There has been mostly silence from American officials, who have pushed Prime Minister Nuri Kamal al-Maliki’s government hard over the past year to ease restrictions on former Baathists as a sign of political reconciliation between Shiites and Sunnis. The two highest-ranking Americans in Baghdad, Ambassador Ryan C. Crocker and Gen. David H. Petraeus, were with President Bush in Kuwait on Saturday when the measure was passed. And a day afterward, officials were still putting off questions about it.

“We still have to go through it,” said a United States Embassy spokeswoman, Mirembe Nantongo. “We’re not going to comment at this time.”

Col. Steven Boylan, General Petraeus’s spokesman, said he had not seen a translation of the legislation and was uncertain whether his boss had.

According to a translated copy received by The New York Times, a whole new rung of former party members could be allowed back into government. Where the old de-Baathification law barred members of the top four of the party’s seven levels, the new measure would bar three, theoretically allowing as many as 30,000 people back in. And a vast majority of the ones still excluded, who held top national- and regional-level jobs, would become eligible for pensions if they had not been implicated in crime or corruption.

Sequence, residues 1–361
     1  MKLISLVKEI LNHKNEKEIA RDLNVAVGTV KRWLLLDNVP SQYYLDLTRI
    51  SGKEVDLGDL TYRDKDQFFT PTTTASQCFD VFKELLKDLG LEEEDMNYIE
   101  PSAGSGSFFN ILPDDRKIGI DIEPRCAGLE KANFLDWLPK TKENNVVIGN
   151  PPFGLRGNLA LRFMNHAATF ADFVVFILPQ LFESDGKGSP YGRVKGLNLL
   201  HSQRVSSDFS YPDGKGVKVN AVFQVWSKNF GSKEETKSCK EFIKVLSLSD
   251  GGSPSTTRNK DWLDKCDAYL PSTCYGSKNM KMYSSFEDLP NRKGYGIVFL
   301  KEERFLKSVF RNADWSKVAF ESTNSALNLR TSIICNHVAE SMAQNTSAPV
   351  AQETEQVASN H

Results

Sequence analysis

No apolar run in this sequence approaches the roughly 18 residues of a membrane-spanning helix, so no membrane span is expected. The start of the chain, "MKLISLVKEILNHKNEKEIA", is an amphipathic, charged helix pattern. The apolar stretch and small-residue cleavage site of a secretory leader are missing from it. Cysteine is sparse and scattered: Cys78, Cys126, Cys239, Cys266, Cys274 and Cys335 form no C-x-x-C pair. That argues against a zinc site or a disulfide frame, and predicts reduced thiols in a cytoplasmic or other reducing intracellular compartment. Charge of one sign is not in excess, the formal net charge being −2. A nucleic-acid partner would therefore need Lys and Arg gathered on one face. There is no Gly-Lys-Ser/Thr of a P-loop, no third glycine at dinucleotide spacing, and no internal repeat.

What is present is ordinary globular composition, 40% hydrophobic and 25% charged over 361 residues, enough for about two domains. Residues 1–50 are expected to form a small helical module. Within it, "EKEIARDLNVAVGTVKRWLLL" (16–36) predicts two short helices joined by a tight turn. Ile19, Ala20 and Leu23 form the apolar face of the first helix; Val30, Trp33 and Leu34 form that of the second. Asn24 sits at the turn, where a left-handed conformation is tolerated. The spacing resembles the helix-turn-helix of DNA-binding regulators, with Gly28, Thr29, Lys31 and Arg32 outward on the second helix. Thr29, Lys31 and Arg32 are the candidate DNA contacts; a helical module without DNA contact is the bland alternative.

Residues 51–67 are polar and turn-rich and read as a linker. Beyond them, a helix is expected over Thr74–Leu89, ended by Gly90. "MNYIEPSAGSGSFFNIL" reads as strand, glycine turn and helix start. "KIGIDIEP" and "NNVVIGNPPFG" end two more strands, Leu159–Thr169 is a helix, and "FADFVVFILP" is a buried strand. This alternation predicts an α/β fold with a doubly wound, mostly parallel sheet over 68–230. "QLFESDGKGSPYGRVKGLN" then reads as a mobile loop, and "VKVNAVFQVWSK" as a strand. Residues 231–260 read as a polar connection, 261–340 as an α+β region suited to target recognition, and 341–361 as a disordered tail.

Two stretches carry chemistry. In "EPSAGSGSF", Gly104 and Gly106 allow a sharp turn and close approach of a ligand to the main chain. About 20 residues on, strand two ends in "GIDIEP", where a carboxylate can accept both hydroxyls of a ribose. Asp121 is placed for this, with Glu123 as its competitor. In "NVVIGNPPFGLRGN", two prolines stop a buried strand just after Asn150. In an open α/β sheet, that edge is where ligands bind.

But interpretations of the measure’s actual effects varied widely among Iraqi officials. In general, Shiite politicians hailed it as an olive branch to Sunni Arabs. But some Sunnis say it is at best an incremental improvement over the old system, and at worst even harsher.

“This law includes some good articles, and it’s better than the last de-Baathification law because it gives pensions to third-level Baathists,” said Khalaf Aulian, a Sunni politician who opposed the legislation. “But I don’t like the law as a whole, because it will remain as a sword on the neck of the people.